position located within the SUA.4 In contrast, local ombudsmen programs rely very little on the Office of the Attorney General or other government attorneys, turning chiefly to legal services attorneys for advice, consultation, and legal representation.

In states with inadequate legal support, SUAs should work more closely with the ombudsmen program in systematically identifying gaps in legal assistance and types of assistance needed, and in jointly planning strategies to address the gaps. To that purpose, the committee proposes the following recommendation:

3.8. The committee recommends that the Assistant Secretary for Aging require that each state unit on aging include in its state plan a description of how the state has funded and ensured the provision of adequate and independent legal counsel to the ombudsman program, including how all designated representatives of the Office of the State Long-Term Care Ombudsman are afforded legal counsel so that all their mandated duties and services can be and are performed.

The committee recognizes that adequate legal resources are not an end in themselves but are an essential element of the ombudsman programs’ infrastructure. Without such resources, the program is greatly hampered in its ability to comply with other mandated provisions in the OAA such as to “identify, investigate, and resolve complaints that are made by or on behalf of residents,” to “pursue administrative, legal, and other appropriate remedies on behalf of residents,” and to “analyze, comment on, and monitor the development and implementation of federal, state, and local laws, regulations, and other government policies and actions.”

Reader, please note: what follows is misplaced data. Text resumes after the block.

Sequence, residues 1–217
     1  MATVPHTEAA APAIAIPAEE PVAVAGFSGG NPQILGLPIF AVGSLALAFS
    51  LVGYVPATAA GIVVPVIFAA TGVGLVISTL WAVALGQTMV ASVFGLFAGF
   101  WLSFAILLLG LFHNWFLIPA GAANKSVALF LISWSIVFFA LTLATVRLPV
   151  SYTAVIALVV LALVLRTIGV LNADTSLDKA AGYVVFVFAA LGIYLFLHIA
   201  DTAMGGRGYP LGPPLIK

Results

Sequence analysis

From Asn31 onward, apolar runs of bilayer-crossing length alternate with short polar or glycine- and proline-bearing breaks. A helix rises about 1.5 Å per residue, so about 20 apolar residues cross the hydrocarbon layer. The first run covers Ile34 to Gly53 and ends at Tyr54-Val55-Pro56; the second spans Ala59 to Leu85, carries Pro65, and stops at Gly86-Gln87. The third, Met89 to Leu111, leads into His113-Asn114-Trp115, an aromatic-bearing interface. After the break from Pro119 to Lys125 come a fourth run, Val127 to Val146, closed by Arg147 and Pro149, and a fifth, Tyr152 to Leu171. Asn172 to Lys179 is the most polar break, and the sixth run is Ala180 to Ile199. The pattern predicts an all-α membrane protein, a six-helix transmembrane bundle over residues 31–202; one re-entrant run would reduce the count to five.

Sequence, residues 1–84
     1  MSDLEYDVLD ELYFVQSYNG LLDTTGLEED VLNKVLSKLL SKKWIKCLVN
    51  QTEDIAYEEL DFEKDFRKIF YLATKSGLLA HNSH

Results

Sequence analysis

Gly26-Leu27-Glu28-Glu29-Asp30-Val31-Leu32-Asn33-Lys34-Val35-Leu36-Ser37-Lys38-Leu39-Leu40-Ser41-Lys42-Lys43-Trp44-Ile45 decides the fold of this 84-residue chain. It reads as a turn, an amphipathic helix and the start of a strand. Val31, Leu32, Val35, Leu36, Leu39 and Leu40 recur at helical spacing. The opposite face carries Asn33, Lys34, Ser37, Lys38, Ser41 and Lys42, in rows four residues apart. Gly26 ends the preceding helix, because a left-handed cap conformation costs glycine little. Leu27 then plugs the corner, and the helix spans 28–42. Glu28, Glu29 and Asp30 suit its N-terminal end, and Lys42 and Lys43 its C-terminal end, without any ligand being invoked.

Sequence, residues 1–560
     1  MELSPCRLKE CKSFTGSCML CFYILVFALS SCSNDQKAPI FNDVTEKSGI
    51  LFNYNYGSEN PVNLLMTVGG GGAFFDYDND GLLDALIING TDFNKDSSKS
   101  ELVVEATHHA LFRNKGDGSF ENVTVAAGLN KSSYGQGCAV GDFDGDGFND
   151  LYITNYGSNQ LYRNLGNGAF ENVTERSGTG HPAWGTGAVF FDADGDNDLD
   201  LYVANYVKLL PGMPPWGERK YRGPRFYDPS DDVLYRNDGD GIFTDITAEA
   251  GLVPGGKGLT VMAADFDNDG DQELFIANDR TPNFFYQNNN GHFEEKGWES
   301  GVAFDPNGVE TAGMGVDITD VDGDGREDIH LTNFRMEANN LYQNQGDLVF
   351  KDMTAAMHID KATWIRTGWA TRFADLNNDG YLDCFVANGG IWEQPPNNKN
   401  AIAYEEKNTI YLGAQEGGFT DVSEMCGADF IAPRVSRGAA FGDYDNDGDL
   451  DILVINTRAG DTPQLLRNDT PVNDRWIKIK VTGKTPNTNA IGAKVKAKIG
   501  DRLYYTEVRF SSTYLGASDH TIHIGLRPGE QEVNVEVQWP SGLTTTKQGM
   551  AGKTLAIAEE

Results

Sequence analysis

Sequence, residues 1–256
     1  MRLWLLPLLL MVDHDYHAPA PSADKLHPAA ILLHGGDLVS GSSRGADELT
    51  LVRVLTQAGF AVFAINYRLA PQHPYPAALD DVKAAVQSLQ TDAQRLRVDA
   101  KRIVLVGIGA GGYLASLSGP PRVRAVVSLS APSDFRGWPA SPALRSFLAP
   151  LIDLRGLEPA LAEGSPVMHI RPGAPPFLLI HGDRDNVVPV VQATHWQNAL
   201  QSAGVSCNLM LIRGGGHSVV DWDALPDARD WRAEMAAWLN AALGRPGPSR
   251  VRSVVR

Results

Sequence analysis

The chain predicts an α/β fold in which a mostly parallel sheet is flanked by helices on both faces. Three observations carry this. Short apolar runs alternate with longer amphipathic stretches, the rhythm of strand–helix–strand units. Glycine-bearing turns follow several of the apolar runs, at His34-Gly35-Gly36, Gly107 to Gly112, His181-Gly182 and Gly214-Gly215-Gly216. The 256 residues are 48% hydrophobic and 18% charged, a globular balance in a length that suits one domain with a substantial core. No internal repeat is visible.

Institutional Care Context

Nursing Facilities

Many of the problems that ombudsmen confront in their work are embedded in the structure, financing, and ideology of the LTC system, features not easily changed with the tools available to the ombudsman (Greene and Monahan, 1981; Buford, 1984; Holder and Frank, 1984; IOM, 1986; Feder et al., 1988; Mason, 1994). (See also Kane and Caplan, 1990; McGinnis, 1991; NIDR, 1992.) As a society, we have no coherent, ethically sound long-term care policy especially for the very frail and vulnerable. The LTC non-system

4  

Some states employ a paraprofessional instead of an attorney for this function.



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